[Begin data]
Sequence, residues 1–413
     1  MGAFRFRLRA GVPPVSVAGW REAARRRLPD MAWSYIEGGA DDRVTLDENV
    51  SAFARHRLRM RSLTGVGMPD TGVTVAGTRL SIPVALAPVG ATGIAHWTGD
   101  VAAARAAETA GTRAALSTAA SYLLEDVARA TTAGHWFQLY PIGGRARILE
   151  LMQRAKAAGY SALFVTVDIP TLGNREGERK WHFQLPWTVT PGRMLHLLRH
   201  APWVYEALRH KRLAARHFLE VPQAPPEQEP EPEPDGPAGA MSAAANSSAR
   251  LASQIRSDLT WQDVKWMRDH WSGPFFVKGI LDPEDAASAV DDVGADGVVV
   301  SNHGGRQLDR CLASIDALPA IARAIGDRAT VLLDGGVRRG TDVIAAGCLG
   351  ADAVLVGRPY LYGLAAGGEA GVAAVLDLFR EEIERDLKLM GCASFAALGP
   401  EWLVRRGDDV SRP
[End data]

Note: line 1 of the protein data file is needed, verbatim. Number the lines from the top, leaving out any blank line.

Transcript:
Sequence, residues 1–413